The word proprioception derives from its roots “own-”, which means of oneself; and “-ception”, which means consciousness. That is to say, the awareness of one’s own: the awareness of one’s own body posture with the environment that surrounds us. Proprioception is the ability that we have through our musculoskeletal system to know what position we are in, without using sight. Thus, in an autonomous way, we are able to adapt to the irregularities of the terrain and misalignments of the environment that surrounds us and we manage to maintain joint stability under dynamic conditions.
Although we are not aware of it, the components of our joints (muscles, tendons and ligaments) along with vision and balance constantly send information to the brain about its position with respect to our environment, forming an image or pattern of the location and status of each. This information is what allows our brain to manufacture the responses, resulting in precise movements. All this information is proprioception, and we consider it one more sense of our body.
And why is proprioception important?
Ligaments play a very important role in the joint. On one hand, they offer resistance to abnormal movement (they are like cords that prevent the bones from separating more than they should) and also, they provide neurological feedback, that is, they inform us about the position of the joint and produce a response that protects us from excessive tension, thus avoiding possible injury.
After a joint injury, these mechanisms are left disorganized, so we lose the reflex stabilization of the joint and this contributes to the injury reproducing. For example: when we get a sprained ankle, the ligaments, capsule, tendons, etc. are left distended. This injury will cause the sensory signal to reach our brain altered, therefore, an inadequate motor response will be sent; so it will be easier to have a sprain again in the future. With proprioceptive work we can re-educate these structures in order to favor automatic and reflex responses.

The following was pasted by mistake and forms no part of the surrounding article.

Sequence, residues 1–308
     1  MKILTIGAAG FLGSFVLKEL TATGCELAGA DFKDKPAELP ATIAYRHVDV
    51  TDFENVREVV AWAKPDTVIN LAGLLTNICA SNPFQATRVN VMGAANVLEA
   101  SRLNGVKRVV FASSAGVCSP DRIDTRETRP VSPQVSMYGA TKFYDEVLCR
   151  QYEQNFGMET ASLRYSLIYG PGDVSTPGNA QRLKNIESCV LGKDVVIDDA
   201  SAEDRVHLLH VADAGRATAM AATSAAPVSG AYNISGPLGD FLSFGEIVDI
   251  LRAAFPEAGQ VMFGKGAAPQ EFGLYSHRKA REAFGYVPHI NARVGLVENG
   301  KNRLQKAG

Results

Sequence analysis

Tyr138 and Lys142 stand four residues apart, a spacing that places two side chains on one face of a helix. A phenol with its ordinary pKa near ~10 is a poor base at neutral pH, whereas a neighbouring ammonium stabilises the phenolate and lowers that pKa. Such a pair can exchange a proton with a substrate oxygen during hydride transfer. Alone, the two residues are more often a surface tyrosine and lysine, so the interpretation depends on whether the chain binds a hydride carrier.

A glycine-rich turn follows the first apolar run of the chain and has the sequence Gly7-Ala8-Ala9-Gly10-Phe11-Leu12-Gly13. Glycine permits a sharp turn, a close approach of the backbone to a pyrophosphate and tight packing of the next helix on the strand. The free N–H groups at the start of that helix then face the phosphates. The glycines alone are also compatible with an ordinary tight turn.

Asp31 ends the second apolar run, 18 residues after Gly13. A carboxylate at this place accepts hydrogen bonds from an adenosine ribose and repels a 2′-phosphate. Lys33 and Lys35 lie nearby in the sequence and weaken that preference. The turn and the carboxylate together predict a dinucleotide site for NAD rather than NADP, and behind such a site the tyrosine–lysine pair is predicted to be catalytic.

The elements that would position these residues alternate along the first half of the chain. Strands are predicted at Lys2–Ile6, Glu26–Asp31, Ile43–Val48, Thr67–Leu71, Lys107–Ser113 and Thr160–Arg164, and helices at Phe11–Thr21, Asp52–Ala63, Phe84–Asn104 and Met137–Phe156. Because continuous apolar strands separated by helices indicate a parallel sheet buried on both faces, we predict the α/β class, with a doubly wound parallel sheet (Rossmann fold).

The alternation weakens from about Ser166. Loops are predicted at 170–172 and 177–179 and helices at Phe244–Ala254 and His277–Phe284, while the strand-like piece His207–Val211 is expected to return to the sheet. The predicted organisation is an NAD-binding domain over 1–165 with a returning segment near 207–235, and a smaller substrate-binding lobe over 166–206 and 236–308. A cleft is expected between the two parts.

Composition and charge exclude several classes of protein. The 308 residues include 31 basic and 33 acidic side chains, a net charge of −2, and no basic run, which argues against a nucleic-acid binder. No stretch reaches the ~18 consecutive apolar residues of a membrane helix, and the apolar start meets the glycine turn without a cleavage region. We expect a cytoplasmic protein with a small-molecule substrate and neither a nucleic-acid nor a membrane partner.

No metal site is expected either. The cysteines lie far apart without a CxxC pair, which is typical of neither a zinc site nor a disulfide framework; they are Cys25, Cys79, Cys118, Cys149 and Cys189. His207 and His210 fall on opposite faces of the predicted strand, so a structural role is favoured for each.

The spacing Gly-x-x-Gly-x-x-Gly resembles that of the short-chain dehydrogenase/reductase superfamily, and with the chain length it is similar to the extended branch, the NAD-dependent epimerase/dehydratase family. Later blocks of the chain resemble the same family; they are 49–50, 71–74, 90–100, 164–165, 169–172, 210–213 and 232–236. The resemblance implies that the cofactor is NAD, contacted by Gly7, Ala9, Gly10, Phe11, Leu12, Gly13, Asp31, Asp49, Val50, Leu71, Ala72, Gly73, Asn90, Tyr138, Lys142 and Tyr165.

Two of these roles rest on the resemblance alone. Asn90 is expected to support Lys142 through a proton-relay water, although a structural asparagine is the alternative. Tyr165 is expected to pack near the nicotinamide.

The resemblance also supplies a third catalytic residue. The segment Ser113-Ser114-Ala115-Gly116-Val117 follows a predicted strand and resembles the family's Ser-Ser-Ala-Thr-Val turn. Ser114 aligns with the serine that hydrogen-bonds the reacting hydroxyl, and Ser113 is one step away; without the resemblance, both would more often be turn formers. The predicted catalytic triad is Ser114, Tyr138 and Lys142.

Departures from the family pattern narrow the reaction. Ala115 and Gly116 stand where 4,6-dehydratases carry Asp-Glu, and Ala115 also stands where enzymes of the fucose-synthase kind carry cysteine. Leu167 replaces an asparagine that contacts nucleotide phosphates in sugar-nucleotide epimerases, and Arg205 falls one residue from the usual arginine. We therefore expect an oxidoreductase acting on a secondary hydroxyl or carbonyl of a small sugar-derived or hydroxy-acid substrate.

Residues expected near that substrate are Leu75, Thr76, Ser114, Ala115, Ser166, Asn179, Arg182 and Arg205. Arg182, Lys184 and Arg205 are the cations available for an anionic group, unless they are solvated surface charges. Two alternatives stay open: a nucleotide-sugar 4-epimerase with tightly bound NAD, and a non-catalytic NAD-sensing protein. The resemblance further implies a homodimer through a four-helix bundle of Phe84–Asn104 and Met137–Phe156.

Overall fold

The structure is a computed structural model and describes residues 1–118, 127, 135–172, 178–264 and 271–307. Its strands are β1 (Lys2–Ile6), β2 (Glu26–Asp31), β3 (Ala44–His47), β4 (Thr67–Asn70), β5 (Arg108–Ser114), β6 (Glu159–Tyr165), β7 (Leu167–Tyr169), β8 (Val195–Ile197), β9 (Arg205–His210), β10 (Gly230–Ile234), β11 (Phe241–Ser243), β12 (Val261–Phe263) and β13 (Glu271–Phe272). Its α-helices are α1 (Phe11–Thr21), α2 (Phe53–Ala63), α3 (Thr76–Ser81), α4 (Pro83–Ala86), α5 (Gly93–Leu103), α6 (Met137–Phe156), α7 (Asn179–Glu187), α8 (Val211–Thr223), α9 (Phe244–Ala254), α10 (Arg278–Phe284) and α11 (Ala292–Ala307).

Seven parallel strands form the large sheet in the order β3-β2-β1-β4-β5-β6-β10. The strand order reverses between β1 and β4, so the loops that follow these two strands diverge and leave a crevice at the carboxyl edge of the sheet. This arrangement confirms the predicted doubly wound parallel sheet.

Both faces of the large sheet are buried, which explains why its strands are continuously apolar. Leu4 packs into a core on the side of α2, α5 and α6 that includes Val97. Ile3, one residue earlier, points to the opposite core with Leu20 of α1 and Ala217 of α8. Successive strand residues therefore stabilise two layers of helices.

What if our proprioception is affected or we don’t train it?
Without proprioception, we cannot move. Let’s put it this way: if you get lost in your city, you immediately seek to locate yourself in order to move. The same way happens in our body: if you do not know in what position you have the elbow, you will not know how to move it either. Neither could you adapt to changes in your environment or know how to take care of them without proprioception: if your brain does not have information about the environment, it will not be able to generate the appropriate responses and therefore you could get injured if a sudden change is generated in you against the environment in which you operate.
Imagine what would become of us without proprioception? A tennis player could not perform a serve correctly, it would be difficult to put a key through a bolt and even bring a spoonful of food to the mouth. Working on proprioception it’s vital for your daily activities.
To work on proprioception, we must provoke external stimuli that favor reflex muscle reactions, increasing the difficulty progressively.
Proprioception and Pilates.
The Pilates method contributes significantly to the training of the proprioceptive system through knowledge and connection with the body itself through work and concentration. Through exercises designed to integrate work on postural stability, balance with or without the help of unstable elements such as the Fitball or large ball, improves coordination, thus optimizing the activities of our daily life, improving the technical gestures of our preferred sport and preventing injuries.